THIS BOOK owes a primary debt to Mr. Cecil Scott of The Macmillan Company whose advice and encouragement and knowledge of the subject were an essential element and a firm support from beginning to end. I have also been fortunate in the critical collaboration of Mr. Denning Miller who in clarifying many problems of writing and interpretation made this a better book than it would otherwise have been. For his help I am permanently grateful.
I should like to express my appreciation of the unsurpassed resources of the New York Public Library and, at the same time, a hope that somehow, someday in my native city a way will be found to make the Library’s facilities for scholars match its incomparable material. My thanks go also to the New York Society Library for the continuing hospitality of its stacks and the haven of a place to write; to Mrs. Agnes F. Peterson of the Hoover Library at Stanford for the loan of the Briey Procés-Verbaux and for running to earth the answers to many queries; to Miss R. E. B. Coombe of the Imperial War Museum, London, for many of the illustrations; to the staff of the Bibliothèque de Documentation Internationale Contemporaine Paris, for source material and to Mr. Henry Sachs of the American Ordnance Association for technical advice and for supplementing my inadequate German.
To the reader I must explain that the omission of Austria-Hungary, Serbia, and the Russo-Austrian and Serbo-Austrian fronts was not entirely arbitrary. The inexhaustible problem of the Balkans divides itself naturally from the rest of the war. Moreover, operations on the Austrian front during the first thirty-one days were purely preliminary and did not reach a climax, with effect on the war as a whole, until the Battle of Lemberg against the Russians and the Battle of the Drina against the Serbs. These took place between September 8 and 17, outside my chronological limits, and it seemed to me there was unity without it and the prospect of tiresome length if it were included.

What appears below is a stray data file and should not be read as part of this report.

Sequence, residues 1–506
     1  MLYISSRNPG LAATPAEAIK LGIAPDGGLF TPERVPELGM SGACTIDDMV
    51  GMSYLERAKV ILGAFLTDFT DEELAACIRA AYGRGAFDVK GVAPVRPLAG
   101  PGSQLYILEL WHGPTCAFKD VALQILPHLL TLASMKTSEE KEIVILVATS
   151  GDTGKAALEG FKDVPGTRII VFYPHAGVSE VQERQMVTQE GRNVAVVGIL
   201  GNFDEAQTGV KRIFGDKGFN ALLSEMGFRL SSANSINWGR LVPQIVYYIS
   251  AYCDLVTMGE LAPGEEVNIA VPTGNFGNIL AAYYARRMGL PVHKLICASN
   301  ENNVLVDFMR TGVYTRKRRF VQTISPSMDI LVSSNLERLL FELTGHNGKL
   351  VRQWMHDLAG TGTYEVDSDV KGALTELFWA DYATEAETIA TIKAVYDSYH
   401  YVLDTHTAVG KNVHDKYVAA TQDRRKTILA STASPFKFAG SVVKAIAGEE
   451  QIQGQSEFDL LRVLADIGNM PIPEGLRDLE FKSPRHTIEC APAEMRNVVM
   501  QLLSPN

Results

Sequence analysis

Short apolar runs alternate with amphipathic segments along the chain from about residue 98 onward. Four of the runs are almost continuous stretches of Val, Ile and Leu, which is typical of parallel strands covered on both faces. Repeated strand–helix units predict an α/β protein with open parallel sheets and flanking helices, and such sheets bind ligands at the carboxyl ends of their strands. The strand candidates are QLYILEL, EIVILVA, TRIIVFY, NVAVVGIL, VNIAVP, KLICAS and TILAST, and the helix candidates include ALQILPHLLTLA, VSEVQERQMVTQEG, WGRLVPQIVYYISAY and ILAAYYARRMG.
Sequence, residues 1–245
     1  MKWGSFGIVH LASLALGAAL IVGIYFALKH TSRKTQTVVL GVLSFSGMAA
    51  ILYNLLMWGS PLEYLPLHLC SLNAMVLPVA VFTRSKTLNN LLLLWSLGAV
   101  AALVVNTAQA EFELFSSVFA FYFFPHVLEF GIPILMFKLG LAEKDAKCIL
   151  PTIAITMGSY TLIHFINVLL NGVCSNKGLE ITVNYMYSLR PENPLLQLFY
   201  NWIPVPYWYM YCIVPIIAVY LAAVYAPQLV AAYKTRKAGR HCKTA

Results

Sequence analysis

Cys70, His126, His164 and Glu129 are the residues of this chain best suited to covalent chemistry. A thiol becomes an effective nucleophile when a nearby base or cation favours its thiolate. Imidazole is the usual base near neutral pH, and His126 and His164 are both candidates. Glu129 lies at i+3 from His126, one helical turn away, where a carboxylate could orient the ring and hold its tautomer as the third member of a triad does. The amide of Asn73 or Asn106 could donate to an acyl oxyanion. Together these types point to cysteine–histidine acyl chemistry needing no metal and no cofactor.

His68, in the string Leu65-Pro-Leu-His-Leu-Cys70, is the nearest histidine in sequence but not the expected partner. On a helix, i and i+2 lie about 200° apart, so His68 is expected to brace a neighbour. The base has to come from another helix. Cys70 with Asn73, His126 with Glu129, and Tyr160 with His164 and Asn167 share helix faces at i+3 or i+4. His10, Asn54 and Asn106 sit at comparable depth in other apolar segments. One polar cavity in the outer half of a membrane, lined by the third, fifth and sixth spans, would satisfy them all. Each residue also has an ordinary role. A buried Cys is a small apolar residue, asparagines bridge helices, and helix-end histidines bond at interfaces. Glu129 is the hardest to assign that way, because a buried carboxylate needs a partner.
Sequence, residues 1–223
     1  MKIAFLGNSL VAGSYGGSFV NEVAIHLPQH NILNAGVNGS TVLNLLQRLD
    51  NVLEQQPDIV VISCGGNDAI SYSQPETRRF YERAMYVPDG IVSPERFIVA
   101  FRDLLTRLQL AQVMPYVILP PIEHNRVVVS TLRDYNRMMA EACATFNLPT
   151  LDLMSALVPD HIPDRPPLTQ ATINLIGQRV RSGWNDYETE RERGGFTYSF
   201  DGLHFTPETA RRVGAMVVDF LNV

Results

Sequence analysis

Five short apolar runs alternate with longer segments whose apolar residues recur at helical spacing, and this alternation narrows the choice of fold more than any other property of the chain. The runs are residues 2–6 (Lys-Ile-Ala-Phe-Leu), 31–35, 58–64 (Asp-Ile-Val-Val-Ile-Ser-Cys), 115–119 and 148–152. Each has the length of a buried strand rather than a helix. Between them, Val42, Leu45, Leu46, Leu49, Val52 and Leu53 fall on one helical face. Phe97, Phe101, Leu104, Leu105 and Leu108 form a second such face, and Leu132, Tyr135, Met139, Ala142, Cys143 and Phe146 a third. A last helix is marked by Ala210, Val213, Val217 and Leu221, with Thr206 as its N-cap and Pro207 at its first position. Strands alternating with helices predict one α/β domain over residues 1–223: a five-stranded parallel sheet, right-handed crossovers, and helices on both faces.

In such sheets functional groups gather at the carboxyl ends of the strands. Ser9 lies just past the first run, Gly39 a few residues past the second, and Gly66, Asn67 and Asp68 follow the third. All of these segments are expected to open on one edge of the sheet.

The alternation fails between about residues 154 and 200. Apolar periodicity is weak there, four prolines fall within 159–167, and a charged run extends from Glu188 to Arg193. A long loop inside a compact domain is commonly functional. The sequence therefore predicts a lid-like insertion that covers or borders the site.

After a period of total immersion in military memoirs, I had hoped to dispense with Roman-numeraled corps, but convention proved stronger than good intentions. I can do nothing about the Roman numerals which, it seems, are inseparably riveted to army corps, but I can offer the reader a helpful RULE ON LEFT AND RIGHT: rivers face downstream and armies, even when turned around and retreating, are considered to face the direction in which they started; that is, their left and right remain the same as when they were advancing.
Sources for the narrative and for all quoted remarks are given in the Notes at the end of the book. I have tried to avoid spontaneous attribution or the “he must have” style of historical writing: “As he watched the coastline of France disappear, Napoleon must have thought back over the long …” All conditions of weather, thoughts or feelings, and states of mind public or private, in the following pages have documentary support. Where it seems called for, the evidence appears in the Notes.